However, he is concerned about what some people might have taken away from those protests.
“It is also true that many people who came up to the mountain came to the conclusion that we are already sovereign while we do not have that independent government recognized by other countries,” he adds.
Osorio reflects on the time when Haunani-Kay Trask shouted, “We are not American! We will die as Hawaiians, we will never be American!” on the rotunda at ‘Iolani Palace on January 17, 1993. Over the next 27 years, Native Hawaiians have come to embrace that as something that is true about themselves — “we are not Americans.”
“We have made that leap from thinking ourselves as second class Americans to thinking ourselves as Hawaiians and Hawaiians only,” he said.
With the ongoing protests and efforts from the community, Osorio is hopeful about achieving political sovereignty, which he has been pursuing for the past 18 years. He thinks that events like the Mauna Kea protests are not only about the people who went up the mountain but also about the collapse of America.
“America may not completely collapse and go away. But you are seeing the Americans questioning themselves about their own values,” he said. “Very sudden realization that their fortunes as white Americans were built on continuous exploitation of the people of color.”
Regardless of what happens to the United States over the next few years, Osorio thinks it requires their own determination to be free.
The Official State Language
Every Thursday at 4 p.m, Paige Okamura makes her way through the vinyl racks to the main studio of UHM’s KTUH Radio Station. Her show, Kai Leo Nui (“Loud Voice of the Sea”), is bilingual and focuses on playing traditional and contemporary Hawaiian music.
Although Okamura grew up knowing she is Hawaiian, she was not connected with ‘ōlelo Hawai‘i in her household – she learned it in high school.
“I thought I would take Japanese (in high school) because that is the heavy tourism demographic, economic driver,” Okamura said.
However, her decision to undertake Hawaiian language classes was due to her unsuccessful attempt at Japanese. Prior to taking Hawaiian language classes, she did not think speaking Hawaiian was a possibility or an option.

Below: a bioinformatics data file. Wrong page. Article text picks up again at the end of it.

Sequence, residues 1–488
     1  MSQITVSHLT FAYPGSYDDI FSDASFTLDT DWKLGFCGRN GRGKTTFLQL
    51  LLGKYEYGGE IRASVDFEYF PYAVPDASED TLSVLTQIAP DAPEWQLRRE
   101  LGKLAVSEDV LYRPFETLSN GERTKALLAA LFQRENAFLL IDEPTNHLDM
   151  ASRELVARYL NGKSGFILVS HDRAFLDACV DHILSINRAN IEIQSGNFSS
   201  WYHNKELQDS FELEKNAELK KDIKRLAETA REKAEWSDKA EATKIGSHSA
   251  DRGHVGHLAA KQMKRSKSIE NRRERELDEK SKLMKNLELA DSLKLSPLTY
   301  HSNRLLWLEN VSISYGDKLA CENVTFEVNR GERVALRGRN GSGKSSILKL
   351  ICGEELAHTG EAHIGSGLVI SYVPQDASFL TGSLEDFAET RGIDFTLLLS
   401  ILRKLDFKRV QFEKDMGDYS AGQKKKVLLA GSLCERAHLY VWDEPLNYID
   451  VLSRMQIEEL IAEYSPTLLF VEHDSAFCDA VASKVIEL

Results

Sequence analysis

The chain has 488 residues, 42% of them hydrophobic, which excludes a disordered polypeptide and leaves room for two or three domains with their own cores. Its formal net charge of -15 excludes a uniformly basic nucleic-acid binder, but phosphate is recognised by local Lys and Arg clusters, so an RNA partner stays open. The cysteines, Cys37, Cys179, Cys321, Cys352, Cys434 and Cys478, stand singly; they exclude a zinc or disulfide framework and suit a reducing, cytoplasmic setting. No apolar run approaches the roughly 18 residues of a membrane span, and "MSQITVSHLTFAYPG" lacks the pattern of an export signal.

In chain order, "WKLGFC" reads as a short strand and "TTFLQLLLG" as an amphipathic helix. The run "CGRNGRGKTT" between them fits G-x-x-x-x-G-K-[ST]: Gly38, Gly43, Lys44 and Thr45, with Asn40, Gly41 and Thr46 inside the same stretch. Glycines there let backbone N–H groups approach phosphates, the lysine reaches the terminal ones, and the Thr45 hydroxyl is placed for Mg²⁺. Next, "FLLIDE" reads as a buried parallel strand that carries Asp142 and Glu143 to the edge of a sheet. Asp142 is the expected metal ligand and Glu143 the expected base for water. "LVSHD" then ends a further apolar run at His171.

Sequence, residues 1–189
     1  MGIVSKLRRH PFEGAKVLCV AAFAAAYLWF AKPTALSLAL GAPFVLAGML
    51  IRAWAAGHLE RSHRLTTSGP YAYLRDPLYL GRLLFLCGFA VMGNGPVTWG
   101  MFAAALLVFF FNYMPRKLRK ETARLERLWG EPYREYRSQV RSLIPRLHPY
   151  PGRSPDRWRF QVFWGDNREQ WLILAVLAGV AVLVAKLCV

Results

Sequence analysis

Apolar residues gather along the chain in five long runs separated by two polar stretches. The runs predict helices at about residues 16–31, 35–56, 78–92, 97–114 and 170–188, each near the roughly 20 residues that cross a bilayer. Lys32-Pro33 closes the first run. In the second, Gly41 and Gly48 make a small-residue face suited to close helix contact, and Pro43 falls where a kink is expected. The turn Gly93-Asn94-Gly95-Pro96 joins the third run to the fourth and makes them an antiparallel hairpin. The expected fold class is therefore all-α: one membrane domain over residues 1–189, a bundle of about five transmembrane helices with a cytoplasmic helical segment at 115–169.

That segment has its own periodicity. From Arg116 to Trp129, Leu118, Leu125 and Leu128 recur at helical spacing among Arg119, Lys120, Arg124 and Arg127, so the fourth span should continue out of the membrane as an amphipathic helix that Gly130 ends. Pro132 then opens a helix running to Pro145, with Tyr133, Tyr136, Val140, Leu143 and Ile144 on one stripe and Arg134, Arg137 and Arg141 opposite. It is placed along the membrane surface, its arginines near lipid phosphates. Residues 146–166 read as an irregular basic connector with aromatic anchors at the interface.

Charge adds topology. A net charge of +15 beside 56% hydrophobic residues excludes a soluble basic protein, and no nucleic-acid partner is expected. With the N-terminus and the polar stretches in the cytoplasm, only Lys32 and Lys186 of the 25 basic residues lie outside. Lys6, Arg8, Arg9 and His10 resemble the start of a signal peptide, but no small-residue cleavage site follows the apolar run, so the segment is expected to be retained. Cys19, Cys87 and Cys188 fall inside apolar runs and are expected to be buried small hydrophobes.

Gaining fluency in ‘ōlelo Hawai‘i was a turning point for Okamura. It opened her mind to material that she never knew existed.
“Suddenly I could read the history of my people that was never taught to us in a classroom. Suddenly you know that you did not know,” she said.
Now, Okamura is at a point where she firmly believes that language is the core of her cultural and national identity. She thinks that the language will lead Hawaiʻi to its independence.
“The moment you have the language skill and acquisition suddenly you are able to reclaim all the pieces of your identity and your history that was lost when we lost the language,” she said
Okamura reflects on the time after the overthrow when the Hawaiian language was still prevalent in the Legislature. The picture was the opposite of now. If someone had to speak English, they had to bring their own translator.
“The fact today that we have to fight for that is hypocritical to our history. The truth of our history has been erased by colonizing force simply because we don’t have the means to access history anymore.”
Okamura said that Hawaiian has always been the state language and that at some point English was added on. She reinforced that the language is at the core of sovereignty and independence and it is the language that strengthens any society through its uniqueness and specialty.
To her, independence does not always mean the big things, but the small cultural practices that are intrinsically Hawaiian.
“My favorite thing to do is to go and gather salt with my family. That is so Hawaiian,” Okamura said. “In those little acts that remind us that our ancestors didn’t need anything from anyone else. They were so self-sufficient.”